In its decision no. 2021-832 DC of December 16, 2021, the Constitutional Council ruled on the conformity with the Constitution of the social security financing act for 2022 (LFSS 2022) which had been referred to it by more than sixty senators.
While it dismisses the complaints raised by the senators, which were essentially that the law made new financial transfers to the Social Debt Redemption Fund (CADES), in violation of the provisions of the organic law relating to these transfers of debt, the Constitutional Council’s decision will be of particular interest in that it automatically censures no less than 27 of the articles of the law passed, considered to be “social riders”, i.e., legislative provisions unrelated to the purpose of the LFSS. The provisions thus censured and which will therefore not appear in the body of the enacted law concerned, for a large part, various health professions, as well as home service providers.
In accordance with its constant practice in this matter, the Council recalls that censures pronounced under the conditions just indicated do not prejudge the conformity of the provisions in question with other components of the “bloc de constitutionnalité”. It is therefore open to the legislator, if he or she deems it useful, to include all or part of the censured provisions in one or more legislative vehicles other than an LFSS.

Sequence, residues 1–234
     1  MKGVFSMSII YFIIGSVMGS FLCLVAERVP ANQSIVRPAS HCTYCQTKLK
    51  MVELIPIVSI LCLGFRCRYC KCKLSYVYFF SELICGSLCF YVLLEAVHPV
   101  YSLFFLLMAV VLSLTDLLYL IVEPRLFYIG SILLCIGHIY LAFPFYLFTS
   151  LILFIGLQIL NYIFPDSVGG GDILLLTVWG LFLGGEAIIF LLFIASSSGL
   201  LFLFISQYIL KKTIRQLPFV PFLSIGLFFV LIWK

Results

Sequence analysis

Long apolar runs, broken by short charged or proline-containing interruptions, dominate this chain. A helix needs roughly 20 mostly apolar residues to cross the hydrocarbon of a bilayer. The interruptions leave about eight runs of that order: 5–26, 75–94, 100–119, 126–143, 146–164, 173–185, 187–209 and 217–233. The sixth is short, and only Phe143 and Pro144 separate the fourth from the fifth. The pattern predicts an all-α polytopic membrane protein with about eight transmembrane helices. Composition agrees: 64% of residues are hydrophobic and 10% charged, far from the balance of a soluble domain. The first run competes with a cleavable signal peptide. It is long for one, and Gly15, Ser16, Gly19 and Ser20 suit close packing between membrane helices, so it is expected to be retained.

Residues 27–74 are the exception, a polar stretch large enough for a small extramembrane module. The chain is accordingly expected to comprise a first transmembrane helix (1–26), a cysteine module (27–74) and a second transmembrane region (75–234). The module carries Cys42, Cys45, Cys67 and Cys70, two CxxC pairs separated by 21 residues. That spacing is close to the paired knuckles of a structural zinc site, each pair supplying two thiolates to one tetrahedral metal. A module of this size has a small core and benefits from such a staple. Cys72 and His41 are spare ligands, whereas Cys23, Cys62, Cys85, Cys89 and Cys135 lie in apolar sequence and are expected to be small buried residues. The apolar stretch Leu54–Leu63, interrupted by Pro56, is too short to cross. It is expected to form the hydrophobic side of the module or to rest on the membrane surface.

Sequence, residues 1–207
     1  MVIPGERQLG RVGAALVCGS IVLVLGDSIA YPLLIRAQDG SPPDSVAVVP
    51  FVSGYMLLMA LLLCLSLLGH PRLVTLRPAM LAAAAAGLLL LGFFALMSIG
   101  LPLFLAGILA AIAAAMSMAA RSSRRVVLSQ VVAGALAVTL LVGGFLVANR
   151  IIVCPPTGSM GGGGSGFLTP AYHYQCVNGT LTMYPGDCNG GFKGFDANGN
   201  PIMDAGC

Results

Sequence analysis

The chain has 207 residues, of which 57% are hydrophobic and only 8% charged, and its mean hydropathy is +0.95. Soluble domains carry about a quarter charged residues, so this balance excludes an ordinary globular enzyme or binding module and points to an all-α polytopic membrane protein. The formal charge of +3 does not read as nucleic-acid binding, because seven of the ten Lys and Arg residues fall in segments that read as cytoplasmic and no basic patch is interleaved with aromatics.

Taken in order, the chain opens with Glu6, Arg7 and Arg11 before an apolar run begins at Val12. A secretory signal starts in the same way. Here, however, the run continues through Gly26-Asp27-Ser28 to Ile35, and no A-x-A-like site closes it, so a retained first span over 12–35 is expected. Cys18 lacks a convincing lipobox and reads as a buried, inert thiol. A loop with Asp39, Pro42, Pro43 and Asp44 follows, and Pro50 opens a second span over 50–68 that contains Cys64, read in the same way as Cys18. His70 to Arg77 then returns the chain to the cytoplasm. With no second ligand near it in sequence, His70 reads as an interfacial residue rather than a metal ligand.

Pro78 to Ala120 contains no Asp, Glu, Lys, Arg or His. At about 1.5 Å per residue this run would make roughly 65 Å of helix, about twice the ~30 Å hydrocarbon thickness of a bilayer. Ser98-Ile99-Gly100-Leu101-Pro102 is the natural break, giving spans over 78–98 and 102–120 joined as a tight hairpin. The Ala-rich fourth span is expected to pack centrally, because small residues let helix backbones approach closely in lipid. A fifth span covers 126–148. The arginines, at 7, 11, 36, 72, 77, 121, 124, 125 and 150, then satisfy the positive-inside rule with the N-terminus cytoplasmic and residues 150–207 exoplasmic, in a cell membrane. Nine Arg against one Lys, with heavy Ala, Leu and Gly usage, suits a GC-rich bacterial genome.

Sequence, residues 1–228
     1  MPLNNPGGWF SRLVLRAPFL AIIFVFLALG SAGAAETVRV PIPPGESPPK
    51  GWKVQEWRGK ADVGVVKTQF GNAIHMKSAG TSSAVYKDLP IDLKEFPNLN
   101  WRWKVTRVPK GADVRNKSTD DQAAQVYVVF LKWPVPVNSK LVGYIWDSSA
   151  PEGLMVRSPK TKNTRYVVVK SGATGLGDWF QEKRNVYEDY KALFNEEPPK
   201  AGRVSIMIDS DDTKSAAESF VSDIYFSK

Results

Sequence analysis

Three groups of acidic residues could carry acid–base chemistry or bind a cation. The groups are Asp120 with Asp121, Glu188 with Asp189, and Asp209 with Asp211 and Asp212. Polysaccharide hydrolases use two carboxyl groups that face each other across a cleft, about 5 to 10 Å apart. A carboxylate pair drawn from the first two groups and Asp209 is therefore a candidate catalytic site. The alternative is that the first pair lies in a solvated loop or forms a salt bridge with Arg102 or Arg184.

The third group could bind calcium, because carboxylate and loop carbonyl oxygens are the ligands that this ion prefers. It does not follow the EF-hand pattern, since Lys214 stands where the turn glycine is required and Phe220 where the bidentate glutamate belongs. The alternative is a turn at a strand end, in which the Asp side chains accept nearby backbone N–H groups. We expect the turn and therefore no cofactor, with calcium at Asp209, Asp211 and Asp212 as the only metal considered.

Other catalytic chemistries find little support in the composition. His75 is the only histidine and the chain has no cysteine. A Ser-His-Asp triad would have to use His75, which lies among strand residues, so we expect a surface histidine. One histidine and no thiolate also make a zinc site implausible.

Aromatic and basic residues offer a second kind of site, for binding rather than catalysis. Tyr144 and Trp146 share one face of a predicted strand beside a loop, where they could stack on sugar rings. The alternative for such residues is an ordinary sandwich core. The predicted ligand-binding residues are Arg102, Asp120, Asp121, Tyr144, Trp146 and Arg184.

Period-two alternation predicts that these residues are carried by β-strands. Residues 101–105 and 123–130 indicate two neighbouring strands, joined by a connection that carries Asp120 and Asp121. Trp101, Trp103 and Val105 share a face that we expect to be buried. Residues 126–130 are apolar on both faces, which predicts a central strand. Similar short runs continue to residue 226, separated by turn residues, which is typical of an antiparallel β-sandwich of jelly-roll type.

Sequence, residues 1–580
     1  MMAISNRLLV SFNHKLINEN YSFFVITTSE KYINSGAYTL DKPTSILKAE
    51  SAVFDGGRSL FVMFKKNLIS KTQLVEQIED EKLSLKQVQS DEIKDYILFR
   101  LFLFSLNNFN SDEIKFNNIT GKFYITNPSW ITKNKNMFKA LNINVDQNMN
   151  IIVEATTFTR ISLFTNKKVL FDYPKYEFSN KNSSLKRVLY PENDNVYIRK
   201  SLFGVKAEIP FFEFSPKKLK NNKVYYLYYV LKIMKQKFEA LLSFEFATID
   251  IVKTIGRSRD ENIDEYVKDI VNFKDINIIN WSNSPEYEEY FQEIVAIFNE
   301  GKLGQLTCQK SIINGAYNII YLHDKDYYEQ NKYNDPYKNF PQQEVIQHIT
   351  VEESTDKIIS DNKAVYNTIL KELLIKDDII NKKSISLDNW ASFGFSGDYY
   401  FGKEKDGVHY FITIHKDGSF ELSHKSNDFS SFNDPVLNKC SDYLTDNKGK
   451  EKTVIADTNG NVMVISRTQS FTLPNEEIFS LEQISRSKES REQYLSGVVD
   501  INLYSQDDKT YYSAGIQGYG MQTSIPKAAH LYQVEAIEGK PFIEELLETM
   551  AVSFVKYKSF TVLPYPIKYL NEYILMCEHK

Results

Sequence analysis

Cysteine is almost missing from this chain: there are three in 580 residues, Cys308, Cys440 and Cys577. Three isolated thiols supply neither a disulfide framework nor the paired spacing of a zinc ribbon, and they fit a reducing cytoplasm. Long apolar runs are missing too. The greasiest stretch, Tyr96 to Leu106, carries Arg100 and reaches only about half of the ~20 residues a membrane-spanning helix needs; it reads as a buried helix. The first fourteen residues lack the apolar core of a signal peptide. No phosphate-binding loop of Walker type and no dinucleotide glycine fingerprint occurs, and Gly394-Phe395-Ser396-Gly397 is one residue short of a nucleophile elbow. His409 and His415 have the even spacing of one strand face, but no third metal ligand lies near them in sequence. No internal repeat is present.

Beyond its technicality, the decision of the Constitutional Council is interesting in that it reveals institutional dysfunctions that have been denounced many times, in particular by the PLFSS Club. Indeed, the censures pronounced, on the one hand, put the spotlight on the working conditions imposed on parliamentarians by the executive. The constrained schedule imposed does not allow for the serene deliberation of a text as dense and as important as a LFSS. On the other hand, the purpose of the invalidated provisions is indicative of the need for legislative vehicles capable of materializing a national public health policy, which is currently seriously lacking, hence the parliamentary attempts to insert into the LFSS provisions that are in fact part of a public health law.
In conclusion, it should be noted that, although alerted by the PLFSS Club (see our Club news of December 3), the Council did not pronounce on either Article 26 of the law (extension of the scope of certain taxes) or on Article 28 I (increase in the rate of the turnover tax). If these provisions will therefore be included in the enacted law and will come into force with it, this does not prejudge their conformity with the Constitution. It will be up to the industrialists and their counsels, if they deem it useful, to refer a priority question of constitutionality (QPC) to the Court of Cassation.